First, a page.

There are good reasons to believe that Greece is on its way to growth and that 2016 and 2017 will be much better than the previous years of tough austerity. However, some risks still linger as a new round of debt relief talks commences.
The economy of Greece is the world’s 45th largest, with the nominal gross domestic product (GDP) of $235.6 billion, and the 51st largest in the world in terms of purchasing power parity, at $283.6 billion per annum.
The Greek economy is based primarily on the service sector (81%) and industry (16%), with the dominant industries being tourism and shipping. The Greek Merchant Navy is the world’s biggest, with Greek-owned vessels accounting for 15 per cent of global deadweight tonnage as of 2013. Increased demand for international maritime transportation between Greece and Asia has resulted in unprecedented investment in the shipping industry in the past three years.
Greece has the largest economy in the Balkans and is as an important regional investor.
In recent years the Greek economy was hit hard by the global financial crisis, as well as internal factors, and went through a number of bailout programmes and austerity measures. Greece recorded government debt of 177.10 per cent of the country’s GDP in 2014, which shrank by 25 per cent during the crisis, while unemployment rose and the country faced a long recession. However, things started to look up recently.
If the economy gets back on track, there can be also some positive surprises in terms of performance, because the Greek economy is now substantially below potential, analysts say.
In an interview with the Financial Times, the governor of the country’s central bank, the Bank of Greece, Yannis Stournaras, said recently that the possibility of ‘Grexit’ is “a closed chapter”. Along with some distinguished analysts and economists, Governor Stournaras believes the local economy will return to growth in the second half of 2016 after something of a slowdown was observed in the last quarter of 2015.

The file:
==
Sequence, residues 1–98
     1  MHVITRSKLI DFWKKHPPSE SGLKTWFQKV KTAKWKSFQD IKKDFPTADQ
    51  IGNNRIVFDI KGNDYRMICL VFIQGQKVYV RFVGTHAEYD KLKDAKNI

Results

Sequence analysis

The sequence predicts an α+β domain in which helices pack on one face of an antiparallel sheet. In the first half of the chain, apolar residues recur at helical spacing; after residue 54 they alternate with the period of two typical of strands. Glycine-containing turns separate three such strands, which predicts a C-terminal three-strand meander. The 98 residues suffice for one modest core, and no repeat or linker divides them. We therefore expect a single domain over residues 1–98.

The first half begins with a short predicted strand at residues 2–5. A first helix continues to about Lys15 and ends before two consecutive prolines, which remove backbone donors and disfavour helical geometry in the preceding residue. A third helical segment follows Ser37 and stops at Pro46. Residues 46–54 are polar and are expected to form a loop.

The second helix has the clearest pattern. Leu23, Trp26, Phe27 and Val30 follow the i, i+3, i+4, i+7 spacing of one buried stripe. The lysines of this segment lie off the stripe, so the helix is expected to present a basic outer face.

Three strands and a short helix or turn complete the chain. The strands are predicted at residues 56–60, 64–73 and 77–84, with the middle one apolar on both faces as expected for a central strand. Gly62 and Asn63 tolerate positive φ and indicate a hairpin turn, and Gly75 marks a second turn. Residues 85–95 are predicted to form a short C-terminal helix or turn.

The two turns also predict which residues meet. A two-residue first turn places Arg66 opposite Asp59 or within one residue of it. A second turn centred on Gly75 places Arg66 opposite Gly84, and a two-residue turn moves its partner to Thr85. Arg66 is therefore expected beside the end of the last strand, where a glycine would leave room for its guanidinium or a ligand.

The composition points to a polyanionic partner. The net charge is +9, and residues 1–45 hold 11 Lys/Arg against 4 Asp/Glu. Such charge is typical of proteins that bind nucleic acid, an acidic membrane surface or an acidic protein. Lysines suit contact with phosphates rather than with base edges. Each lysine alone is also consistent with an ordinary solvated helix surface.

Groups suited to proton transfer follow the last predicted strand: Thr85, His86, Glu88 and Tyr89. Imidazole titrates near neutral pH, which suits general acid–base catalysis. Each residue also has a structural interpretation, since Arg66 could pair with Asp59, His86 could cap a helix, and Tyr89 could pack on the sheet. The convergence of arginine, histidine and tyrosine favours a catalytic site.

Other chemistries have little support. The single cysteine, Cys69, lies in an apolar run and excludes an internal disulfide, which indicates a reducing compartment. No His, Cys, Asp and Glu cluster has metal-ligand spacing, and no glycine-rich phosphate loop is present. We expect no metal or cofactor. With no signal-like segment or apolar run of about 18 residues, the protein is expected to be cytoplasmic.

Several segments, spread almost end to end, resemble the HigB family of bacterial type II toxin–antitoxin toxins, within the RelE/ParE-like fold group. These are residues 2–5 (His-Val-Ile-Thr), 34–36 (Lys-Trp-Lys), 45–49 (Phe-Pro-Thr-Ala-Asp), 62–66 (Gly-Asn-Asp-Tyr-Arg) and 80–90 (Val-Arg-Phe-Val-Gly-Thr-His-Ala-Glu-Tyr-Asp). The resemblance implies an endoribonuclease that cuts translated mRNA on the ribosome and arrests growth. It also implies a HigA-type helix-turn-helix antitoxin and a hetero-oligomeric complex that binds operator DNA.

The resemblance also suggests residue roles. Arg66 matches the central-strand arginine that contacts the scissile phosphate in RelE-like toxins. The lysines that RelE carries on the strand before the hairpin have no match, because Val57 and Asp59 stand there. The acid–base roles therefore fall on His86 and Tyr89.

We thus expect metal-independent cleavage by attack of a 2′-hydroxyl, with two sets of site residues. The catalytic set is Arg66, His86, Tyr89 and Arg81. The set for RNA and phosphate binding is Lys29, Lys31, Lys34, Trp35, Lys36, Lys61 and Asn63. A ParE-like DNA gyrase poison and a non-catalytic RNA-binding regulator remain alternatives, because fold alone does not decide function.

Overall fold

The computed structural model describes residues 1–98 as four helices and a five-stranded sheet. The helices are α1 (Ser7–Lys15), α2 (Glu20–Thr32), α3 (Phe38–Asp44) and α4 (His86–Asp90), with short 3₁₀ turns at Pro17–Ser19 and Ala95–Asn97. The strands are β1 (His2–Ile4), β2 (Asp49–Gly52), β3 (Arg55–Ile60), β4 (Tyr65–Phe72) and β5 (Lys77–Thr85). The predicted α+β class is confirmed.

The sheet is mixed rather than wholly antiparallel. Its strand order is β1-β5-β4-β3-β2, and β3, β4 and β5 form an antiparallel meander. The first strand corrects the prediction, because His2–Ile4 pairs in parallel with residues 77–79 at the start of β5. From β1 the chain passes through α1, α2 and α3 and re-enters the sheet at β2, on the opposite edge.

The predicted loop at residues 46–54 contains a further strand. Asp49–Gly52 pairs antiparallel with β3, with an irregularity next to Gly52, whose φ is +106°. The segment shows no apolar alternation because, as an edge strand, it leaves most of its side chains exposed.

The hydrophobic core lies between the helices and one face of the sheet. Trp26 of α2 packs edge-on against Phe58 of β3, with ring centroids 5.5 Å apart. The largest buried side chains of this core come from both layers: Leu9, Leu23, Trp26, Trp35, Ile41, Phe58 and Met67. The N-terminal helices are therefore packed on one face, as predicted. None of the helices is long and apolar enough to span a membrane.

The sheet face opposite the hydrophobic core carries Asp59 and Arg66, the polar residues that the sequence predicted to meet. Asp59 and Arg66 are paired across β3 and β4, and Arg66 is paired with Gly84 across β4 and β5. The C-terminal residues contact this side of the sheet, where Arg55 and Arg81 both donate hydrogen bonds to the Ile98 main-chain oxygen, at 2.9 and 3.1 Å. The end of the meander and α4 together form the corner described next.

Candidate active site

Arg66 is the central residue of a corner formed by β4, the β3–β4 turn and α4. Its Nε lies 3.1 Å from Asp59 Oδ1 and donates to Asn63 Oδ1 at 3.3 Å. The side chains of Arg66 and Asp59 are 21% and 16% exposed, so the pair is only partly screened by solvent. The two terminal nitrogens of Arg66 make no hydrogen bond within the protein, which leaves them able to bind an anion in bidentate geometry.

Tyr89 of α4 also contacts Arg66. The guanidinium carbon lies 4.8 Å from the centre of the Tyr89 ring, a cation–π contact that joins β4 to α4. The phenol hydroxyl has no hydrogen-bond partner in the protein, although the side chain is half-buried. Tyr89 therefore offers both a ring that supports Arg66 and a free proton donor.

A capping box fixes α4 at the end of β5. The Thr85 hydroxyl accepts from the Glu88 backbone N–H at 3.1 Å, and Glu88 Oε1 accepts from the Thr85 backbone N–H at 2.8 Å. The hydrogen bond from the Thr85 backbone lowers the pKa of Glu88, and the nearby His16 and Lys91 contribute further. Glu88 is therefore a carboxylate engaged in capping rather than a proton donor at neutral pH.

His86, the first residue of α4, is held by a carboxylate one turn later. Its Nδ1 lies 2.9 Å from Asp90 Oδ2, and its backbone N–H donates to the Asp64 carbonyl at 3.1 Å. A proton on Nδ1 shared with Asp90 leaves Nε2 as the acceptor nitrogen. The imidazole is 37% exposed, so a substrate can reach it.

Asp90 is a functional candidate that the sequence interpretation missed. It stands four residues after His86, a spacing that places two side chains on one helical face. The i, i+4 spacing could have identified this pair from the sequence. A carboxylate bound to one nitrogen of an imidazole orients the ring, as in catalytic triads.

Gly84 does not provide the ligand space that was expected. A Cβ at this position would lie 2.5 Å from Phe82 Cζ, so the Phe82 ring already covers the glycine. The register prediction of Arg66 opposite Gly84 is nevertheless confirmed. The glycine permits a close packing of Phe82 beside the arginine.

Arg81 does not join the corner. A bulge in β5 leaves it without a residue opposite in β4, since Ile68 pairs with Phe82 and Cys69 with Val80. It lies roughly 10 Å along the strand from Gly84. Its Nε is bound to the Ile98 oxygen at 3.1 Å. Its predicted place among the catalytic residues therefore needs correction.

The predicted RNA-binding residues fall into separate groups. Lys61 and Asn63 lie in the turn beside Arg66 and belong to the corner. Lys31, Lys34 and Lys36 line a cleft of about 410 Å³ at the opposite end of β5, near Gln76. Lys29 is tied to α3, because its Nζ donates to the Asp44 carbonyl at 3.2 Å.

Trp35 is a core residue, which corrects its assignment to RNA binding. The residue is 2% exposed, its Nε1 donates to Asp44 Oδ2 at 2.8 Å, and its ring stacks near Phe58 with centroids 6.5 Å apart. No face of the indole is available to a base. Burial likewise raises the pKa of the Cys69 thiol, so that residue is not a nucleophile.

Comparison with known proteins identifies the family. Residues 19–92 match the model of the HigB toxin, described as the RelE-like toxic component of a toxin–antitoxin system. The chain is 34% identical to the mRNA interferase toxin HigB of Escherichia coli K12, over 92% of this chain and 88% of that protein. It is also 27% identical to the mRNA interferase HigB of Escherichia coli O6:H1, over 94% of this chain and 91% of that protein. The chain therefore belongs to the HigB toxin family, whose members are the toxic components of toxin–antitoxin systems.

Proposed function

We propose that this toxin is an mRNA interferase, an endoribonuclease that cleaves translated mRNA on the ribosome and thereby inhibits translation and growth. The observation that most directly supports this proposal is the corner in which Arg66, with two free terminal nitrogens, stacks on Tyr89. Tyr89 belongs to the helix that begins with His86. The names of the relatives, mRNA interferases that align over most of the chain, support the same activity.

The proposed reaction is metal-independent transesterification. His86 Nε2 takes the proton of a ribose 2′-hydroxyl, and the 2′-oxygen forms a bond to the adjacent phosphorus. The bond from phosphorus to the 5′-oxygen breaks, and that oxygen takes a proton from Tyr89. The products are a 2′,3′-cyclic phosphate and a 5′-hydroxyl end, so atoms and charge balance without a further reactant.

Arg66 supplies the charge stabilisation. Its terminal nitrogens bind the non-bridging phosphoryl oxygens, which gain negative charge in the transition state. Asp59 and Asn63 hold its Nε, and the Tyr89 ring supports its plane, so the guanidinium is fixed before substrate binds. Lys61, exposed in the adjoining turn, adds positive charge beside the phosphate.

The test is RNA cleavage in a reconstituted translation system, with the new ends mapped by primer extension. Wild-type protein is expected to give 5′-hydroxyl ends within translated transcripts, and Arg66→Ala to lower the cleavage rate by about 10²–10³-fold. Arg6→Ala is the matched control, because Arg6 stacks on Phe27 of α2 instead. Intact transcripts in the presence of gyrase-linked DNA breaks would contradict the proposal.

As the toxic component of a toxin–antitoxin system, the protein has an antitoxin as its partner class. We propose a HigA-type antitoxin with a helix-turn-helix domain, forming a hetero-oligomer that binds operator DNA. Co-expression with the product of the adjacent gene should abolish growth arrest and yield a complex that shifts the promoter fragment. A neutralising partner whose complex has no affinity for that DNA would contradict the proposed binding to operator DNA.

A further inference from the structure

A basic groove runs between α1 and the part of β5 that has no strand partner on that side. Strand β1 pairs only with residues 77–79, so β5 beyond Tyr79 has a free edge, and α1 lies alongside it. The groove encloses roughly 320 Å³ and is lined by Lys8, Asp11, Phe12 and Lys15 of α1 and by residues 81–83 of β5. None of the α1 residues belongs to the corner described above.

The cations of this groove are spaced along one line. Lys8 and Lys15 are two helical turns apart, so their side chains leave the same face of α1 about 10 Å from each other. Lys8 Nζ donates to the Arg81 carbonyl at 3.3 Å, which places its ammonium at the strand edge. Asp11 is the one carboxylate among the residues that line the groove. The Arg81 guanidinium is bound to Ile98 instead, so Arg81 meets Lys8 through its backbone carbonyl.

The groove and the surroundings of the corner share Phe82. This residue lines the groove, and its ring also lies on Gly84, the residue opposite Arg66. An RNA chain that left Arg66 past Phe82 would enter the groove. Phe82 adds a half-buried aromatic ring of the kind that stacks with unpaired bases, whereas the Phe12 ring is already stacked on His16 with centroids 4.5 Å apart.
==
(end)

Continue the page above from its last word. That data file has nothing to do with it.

Earlier last year the European Commission said in a statement that the Greek economy’s ongoing recession was projected to end in 2016 and that the country may experience real growth in 2017. After long-lasting uncertainty, this would be more than good news.
According to Governor Stournaras, the bailout programme review will greatly determine the Greek economy’s future progress. The hardest part of the programme, he added, is the controversial reform of the country’s social security system. The Greek central banker said that he has urged the coalition government in Athens to focus on the implementation of the bailout agreement, considering that any delay in the process may incur unbearable risks for Greece.
The governor also said that he is looking forward to less austerity, more investments and greater efforts made to better take advantage of state property. He also stressed that the promised debt relief, which has yet to be implemented, will be both meaningful and symbolic.
Finally, when asked about the migrant crisis, the central banker told the FT that the countries benefitting the most are those which host migrants, while the cost tends to be higher for the countries which they have departed. With a maritime border of thousands of kilometres, it will be very difficult for Greece to curb the influx of migrants. He estimates the immediate fiscal impact for Greece as being between 0.3 and 0.4 per cent of GDP.
The more good news was recently delivered by Greek Finance Minister Euclid Tsakalotos, who said that Greece recorded a primary budget surplus of €2.270 billion in 2015, up from a surplus of €1.872 billion in 2014, but down from a revised budget surplus target of €3.257 billion. While some results are not that flattering – especially when it comes to taxes – the overall situation is positive.
Earlier last year the European Commission said in a statement that the Greek economy’s ongoing recession was projected to end in 2016, and that the country may experience real growth in 2017. After long-lasting uncertainty, this would be more than good news.